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||Poison Ivy Control
The definitive word...
For years on the GardenLine radio program, I've simply tried to tell people that if they want to control the dreaded vines of POISON IVY and POISON OAK, that they need to use a Brush Killer Herbicide. That usually meant something with the active ingredient known as Triclopyr. But the problem I've run up against, and that many unsuspecting homeowners have run up against is how often the product Roundup (a Glyphosate-based herbicide) is recommended. On the surface, it just never made any sense to me, since Glyphosate is a "weed and grass herbicide" (by the way, originally invented for control of Johnson Grass), not a woody-vine or semi-hardwood herbicide.
Then, I get countless calls and emails from those who've tried Roundup, saying that it didn't work. Or that it burnt the top leaves but didn't kill the vine. And while I'm still perplexed how popular the recommendation of Roundup still is at nurseries and garden centers, keeping in mind the basics of the herbicides I just described, I think I've finally figured out why this is so.
I've researched over 50 websites associated with the eradication of Poison Ivy, and apparently Roundup (Glyphosate) does work pretty effectively when used on BRAND NEW GROWTH, before it can become a woody vine. I can understand that, but it also means you have to physically remove as much of the Poison Ivy as possible and then be on the lookout for new growth, to use Roundup effectively. Meanwhile, what if you are allergic to Poison Ivy? So much so, that just the thought of trying to remove the poisonous vine makes you start itching. Well, here are all the control methods as found in all the websites I just mentioned researching.
Amitrol-T or Weedazol (Amitrole) may be applied, and works in the same manner, as glyphosate (above), but remains active in the soil for several weeks after application. This soil activity prevents the planting of new vegetation in the treated location for several weeks. Do not use in soil where food crops will be grown or in grazing-animal areas. Amitrole may be listed on a label as 3-Amino-1,2,4-triazole.
Brush Beater, Redeem, and Brush-B-Gone (Triclopyr) works in a similar manner to 2,4-D, but has a longer soil activity. Do not plant trees in treated soil for a period of at least six months. It also does not affect grasses.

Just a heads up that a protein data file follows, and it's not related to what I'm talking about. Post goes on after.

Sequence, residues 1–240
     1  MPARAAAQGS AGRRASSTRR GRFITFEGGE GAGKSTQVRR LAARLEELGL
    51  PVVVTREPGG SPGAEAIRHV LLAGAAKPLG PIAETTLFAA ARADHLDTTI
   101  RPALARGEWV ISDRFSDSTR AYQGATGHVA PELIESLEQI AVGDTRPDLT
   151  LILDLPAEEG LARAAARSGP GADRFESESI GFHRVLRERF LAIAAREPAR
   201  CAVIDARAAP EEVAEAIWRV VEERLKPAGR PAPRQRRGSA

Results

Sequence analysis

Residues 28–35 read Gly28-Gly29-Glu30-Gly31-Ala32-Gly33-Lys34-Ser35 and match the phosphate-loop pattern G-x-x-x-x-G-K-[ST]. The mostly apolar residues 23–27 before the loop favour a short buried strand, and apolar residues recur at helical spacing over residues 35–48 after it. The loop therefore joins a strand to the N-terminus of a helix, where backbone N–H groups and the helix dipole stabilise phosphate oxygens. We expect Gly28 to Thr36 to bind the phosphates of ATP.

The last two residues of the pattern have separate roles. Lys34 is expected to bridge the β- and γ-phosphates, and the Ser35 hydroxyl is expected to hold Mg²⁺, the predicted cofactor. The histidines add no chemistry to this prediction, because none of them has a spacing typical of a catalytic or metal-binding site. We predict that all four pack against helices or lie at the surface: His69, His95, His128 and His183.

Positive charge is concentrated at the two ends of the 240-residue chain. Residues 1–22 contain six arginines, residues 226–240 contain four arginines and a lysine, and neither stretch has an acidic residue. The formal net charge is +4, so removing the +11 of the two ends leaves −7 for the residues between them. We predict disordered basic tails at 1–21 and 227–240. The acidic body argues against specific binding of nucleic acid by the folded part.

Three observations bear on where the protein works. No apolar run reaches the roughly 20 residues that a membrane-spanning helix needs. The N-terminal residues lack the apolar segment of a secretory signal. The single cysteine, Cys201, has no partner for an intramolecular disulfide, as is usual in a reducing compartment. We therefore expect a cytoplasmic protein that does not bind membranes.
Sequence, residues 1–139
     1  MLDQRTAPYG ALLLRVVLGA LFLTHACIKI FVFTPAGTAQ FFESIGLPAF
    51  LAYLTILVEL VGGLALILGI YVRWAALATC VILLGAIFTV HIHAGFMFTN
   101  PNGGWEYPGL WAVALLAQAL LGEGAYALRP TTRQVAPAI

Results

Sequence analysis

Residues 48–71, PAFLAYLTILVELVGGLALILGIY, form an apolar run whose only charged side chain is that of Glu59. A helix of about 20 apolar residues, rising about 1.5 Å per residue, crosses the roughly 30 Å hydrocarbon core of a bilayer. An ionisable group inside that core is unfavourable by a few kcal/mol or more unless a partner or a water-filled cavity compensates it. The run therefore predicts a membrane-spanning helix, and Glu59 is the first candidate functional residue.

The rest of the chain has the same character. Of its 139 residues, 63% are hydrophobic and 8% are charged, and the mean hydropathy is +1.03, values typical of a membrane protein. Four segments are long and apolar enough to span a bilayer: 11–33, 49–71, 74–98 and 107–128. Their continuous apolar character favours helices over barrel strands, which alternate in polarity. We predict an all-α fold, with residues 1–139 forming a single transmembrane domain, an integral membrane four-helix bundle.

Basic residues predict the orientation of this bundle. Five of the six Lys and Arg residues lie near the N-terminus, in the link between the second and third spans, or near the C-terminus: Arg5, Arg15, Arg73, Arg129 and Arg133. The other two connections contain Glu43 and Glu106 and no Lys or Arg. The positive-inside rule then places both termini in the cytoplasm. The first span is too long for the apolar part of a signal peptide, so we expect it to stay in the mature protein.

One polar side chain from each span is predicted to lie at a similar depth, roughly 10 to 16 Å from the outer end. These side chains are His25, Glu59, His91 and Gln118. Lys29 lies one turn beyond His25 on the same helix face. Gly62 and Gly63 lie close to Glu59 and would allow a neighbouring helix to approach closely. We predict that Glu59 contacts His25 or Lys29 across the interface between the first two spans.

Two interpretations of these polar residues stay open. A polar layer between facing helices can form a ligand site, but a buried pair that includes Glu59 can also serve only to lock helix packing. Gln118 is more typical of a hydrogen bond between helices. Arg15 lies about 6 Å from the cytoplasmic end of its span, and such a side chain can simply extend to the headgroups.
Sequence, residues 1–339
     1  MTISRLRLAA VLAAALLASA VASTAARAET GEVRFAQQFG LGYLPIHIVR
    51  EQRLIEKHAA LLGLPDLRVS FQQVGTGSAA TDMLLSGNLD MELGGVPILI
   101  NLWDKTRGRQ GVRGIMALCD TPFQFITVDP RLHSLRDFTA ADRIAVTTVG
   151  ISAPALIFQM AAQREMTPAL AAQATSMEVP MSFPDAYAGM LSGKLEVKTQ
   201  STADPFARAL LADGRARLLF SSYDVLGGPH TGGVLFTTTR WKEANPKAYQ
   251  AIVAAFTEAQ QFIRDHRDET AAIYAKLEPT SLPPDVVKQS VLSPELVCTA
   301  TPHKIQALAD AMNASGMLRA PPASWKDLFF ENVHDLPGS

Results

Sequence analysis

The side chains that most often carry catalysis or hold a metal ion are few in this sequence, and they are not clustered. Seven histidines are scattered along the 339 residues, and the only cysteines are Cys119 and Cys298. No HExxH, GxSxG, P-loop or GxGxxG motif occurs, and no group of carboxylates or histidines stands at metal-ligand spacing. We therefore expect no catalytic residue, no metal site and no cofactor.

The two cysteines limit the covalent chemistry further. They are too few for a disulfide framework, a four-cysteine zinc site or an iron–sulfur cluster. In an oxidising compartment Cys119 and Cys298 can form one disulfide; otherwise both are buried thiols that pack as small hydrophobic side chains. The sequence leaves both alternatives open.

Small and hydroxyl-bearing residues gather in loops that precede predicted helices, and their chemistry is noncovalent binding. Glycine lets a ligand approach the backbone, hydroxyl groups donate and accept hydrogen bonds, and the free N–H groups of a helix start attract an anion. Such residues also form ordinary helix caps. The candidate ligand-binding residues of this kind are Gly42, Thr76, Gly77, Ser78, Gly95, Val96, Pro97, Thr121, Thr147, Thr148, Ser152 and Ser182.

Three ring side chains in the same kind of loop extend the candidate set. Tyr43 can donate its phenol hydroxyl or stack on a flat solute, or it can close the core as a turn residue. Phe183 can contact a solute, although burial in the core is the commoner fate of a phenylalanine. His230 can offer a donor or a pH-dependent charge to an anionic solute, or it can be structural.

Weed-B-Gone, Jet Weeder and other products containing 2,4-D are not the most effective solutions for controlling Poison Ivy, but 2,4-D does not kill grass. It may be mixed with 2-4-DP when used on larger "woody" Poison Ivy plants for increased effectiveness. Repeated treatments will probably be required, as it usually will not kill the root system through a single application.
Apply at least 6-12 hours before watering or anticipated rainfall. This active ingredient be listed on a label as Diethanolamine salt of 2,4-Dichlorophenoxyacetic acid (for 2,4-D) and Diethanolamine salt of 2,4-Dichlorophenoxypropionic acid (for 2,4-DP). Note: Some plants are VERY sensitive to extremely small amounts of 2,4-D and 2,4-DP. If you must use the sprayer for other uses, rinse it carefully several times with an ammonia solution (including nozzle, hose, reservoir, etc.) to remove all trace amounts of the chemical.
Crossbow (a mixture of 2,4-D and triclopyr). is one of several herbicide "mixtures" that may control Poison Ivy. Read the labels carefully for the effects of such mixtures, as well as for all herbicides applied around the home.
And of course for those of you willing to do the "Removal Process"….
Roundup or Kleenup (both are glyphosate) may be applied to the leaves of brand new Poison Ivy growth. It is absorbed through the leaves and carried throughout the entire plant. Glyphosate has no soil activity. After spraying, do not try to remove the plants for several days in order to allow the chemical to be absorbed throughout the plant. Remember that dead Poison Ivy still contains its poisonous oils. Avoid over-spraying as glyphosate will kill adjacent plants, including grasses. Glyphosate may be listed on a label as "isopropylamine salt of glyphosate".
Not all of the listed products may be available in your area or may not be allowed for home-owner use without special licensing. In fact, there's little chance that anything more than Glyphosate and possibly Triclopyr are available at most nurseries and garden centers. However, good old-fashioned feed stores and specialty chemical shops will have a wider variety of such choices.
FYI - Products for non-residential control of Poison Ivy, such as along fence lines as well as clear and timber areas, include Banvel, Velpar, 2,4-D ester+2,4-Dp ester, Tordon, and Oust.
Lastly, if you're just ITCHIN' to learn more about Poison Ivy or Poison Oak or Poison Sumac, there truly are a lot of great websites on the Urishinol Oil aspect of Poison Ivy and how to handle the irritating aspects of said vines. Here's just a couple of links…
Until next week, here's to
Great Gardening from the GardenLine, heard
exclusively weekend mornings from 8 to noon
on Talkradio 950 KPRC.
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